As mentioned before, the year 2020 has impacted a lot of things, like our work habits. So, now the question is how to deal with the workshops you need to conduct and the ‘enforced’ remote work.
Let’s discuss a first example: in a perfect world, your organisation has already identified and listed all its assets, stored in the CMDB. The business processes are well documented, therefore you have a perfect cartography of the business process you want to analyse. So, you easily jump into the first workshop and start to identify the business values, feared events and associated impacts.
You can prepare in advance the third and fourth workshop by drawing scenarios in Microsoft Visio. You should be able to do it if you collected all needed information previously. The preparation could require some time, but this will depend on the fact if you have built some referential.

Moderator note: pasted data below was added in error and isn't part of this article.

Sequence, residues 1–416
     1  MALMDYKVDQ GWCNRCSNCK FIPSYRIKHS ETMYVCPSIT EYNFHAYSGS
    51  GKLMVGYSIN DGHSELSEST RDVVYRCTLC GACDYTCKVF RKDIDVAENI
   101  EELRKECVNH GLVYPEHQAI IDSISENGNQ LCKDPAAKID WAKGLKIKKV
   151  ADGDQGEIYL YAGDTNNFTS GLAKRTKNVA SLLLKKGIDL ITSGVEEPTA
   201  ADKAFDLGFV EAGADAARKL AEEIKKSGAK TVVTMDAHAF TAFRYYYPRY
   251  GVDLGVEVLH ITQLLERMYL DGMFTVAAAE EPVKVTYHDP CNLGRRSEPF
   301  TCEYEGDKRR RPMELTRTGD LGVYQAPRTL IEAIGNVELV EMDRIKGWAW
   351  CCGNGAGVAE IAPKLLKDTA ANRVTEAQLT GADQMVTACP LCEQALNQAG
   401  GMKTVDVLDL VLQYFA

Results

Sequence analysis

So, regardless if you’re working on site or remotely, you can conduct the workshop as expected.
Let’s look at another example: in the real world, imagine your organisation has no list of its assets and business processes are well known but undocumented.
The trick in the first workshop is to correctly identify the business values. Thus, if you are on site, start your meeting by drawing the business process you will study on a dashboard. From there, you identify the business values and feared events.
Let’s say you and all participants of the meeting are working remotely using Teams or another collaborative tool to meet virtually. You start to have a problem because you are unable to draw the business process. You will need to possess a dashboard at home. Do you?